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A nice Rivett....and some of Mr. Playtner's stuff

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Here's an 8mm Rivett Watchmakers lathe I picked up awhile ago.   Rivett was a really high end lathe maker.  Started by a Canuck who headed to US to find his fortune, the Faneuil Watch Tool Co was founded in 1984 (name changed to Rivett in 1905).  I bought the watchmakers lathe kit a few years ago from an estate.  It was owned by a watchmaker in Stouffville Ont and the accessory kit is really complete including dividing plates, a Hardinge polisher, bezel chuck and a wheel cutting attachment (shop made). 

As well there is a large selection of wheel cutters, one set visible on wood dowels and the other in a small wood box.  The box lid has a note saying they're from the late Mr Playtner, 1890, principal of a watchmaking school in Toronto.  The dates don't entirely make sense, as Playtner founded the Canadian Horological Institute in Toronto in 1890 (he was 25), Canada's first watchmaking school and he lived to 1943.  I'm guessing the Stouffville watchmaker acquired the items mid 20th century after Playtners' passing.  Apparently the school drew from afar and had at least one tie in to Rivett; its students won the top three awards from the Faneuil Watch Tool Company's 1897 competition.  He was also the author of "The Analysis of the Lever Escapement" which I gather is still relevant and cited today.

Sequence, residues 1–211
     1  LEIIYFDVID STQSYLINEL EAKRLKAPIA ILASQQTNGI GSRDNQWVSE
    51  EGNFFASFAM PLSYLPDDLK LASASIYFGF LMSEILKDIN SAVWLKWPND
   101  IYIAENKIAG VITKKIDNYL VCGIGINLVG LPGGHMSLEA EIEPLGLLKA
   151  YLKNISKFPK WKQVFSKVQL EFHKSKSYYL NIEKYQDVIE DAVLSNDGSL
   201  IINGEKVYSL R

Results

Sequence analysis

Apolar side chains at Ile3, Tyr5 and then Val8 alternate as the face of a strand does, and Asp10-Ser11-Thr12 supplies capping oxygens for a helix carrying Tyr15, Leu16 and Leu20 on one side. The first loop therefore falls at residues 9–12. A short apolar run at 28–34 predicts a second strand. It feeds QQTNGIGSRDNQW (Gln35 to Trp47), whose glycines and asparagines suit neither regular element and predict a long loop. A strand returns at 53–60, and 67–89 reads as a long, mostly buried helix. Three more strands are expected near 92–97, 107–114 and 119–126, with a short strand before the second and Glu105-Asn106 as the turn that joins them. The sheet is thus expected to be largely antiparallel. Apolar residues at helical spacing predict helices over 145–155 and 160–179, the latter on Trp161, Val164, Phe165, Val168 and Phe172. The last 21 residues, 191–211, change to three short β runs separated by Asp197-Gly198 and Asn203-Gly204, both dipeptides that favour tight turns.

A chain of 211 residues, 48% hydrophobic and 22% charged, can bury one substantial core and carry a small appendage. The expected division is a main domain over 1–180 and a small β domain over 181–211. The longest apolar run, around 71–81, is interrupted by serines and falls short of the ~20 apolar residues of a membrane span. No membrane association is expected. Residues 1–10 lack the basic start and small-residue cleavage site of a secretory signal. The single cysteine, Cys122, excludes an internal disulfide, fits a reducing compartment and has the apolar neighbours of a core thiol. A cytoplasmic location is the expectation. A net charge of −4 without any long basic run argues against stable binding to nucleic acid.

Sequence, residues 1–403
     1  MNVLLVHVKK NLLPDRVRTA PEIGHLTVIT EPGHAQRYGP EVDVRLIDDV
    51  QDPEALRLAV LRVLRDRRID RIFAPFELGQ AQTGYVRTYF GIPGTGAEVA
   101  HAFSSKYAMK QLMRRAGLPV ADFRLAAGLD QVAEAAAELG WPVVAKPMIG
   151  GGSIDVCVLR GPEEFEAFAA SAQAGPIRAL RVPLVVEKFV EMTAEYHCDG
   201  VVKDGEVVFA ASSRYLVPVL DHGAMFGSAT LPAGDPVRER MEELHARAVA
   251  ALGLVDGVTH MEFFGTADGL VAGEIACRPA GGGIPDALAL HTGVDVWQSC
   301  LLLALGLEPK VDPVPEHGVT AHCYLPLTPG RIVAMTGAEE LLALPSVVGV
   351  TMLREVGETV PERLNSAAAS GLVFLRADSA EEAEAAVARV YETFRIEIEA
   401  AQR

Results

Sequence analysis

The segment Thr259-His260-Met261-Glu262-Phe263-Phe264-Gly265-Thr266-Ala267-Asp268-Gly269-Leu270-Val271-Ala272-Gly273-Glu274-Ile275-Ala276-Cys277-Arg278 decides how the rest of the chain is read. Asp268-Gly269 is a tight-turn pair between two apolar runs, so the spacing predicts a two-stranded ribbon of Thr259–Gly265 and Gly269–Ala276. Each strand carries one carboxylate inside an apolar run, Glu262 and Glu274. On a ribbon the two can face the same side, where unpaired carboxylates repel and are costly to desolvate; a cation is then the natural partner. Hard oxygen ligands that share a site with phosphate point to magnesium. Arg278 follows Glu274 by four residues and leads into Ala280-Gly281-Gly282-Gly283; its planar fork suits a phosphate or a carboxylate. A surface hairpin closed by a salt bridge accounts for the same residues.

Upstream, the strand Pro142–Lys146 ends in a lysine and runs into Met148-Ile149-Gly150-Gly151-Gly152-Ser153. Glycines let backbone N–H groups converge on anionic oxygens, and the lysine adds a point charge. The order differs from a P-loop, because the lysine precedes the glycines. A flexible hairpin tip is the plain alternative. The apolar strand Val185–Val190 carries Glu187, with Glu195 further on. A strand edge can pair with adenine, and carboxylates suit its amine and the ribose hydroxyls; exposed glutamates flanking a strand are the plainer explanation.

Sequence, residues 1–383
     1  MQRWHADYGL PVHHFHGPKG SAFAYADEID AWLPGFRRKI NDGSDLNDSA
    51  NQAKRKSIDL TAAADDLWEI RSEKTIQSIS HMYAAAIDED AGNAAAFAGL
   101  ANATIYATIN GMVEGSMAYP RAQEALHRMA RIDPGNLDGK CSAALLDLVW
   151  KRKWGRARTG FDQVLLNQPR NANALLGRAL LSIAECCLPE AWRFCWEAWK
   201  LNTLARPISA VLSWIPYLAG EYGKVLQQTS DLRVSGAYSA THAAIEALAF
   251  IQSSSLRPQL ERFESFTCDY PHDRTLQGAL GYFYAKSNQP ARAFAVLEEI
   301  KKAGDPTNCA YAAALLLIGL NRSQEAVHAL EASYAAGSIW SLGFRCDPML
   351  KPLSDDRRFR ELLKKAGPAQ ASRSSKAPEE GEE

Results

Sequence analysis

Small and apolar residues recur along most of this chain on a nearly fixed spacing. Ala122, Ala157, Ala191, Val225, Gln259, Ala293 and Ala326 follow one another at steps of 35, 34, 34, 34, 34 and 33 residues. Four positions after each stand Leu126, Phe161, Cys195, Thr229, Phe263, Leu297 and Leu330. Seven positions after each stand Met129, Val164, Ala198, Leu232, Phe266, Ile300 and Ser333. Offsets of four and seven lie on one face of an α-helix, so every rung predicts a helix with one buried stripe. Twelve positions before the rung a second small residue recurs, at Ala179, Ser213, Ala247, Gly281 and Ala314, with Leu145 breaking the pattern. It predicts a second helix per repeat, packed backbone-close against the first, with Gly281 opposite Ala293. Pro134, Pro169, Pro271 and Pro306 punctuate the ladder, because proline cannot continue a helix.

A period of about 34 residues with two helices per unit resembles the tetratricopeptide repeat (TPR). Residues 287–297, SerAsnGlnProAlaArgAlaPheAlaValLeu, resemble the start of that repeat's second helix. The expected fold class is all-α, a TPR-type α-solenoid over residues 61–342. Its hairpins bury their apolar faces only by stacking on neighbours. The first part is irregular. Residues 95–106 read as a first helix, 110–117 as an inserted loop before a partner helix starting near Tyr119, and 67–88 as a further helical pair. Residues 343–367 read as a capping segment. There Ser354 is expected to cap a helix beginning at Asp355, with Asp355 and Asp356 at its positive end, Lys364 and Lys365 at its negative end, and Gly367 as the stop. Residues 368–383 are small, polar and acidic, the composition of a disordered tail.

I've also got a 1897 Rivett 608 which which is arguably the preeminent instrument lathe of the time, or for that matter perhaps for all time: for example it would hold .0001" over 6 inches when new.  They were unpainted with polished castings and cost more than man's annual wage and were often found at Universities - mine came out the Cornell University Materials Engineering Lab.   My 608, made before the 1905 name change, has the Faneuil name plate.  As well they made a tool makers lathe, the 1020 which is comparable to the Monarch 10ee or Hardinge HLV.   

Anyway, enough about Rivett, I thought you guys would like to see the watchmakers lathe.  Any other Rivett owners out there?  feel free to post you pics here











Edited by measuretwice

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That is truly cool... a tool from Playtner’s school.  Playtner closed his school in 1913 but moved to Elgin, Illinois in 1921 and openned the Elgin Watchmakers’ College.  He retired in 1923, recommending William Samelius replace him as director.  He returned to his home in Kitchener, Ontario.  A relative noted that he became a bit odd as he aged.  A student watchmaker visited his home before he passed and was surprised to see the main floor set up as a complete classroom, all equipped. Playtner owned all the equipment at the CHI and I guess that after he passed away, his family sold it all.  Mind you, his will didn’t mention more than one lathe.  Check “Canada’s Master Watchmaker, Henry Playtner and the Canadian Horological Institute”  available from chi_information@yahoo.ca

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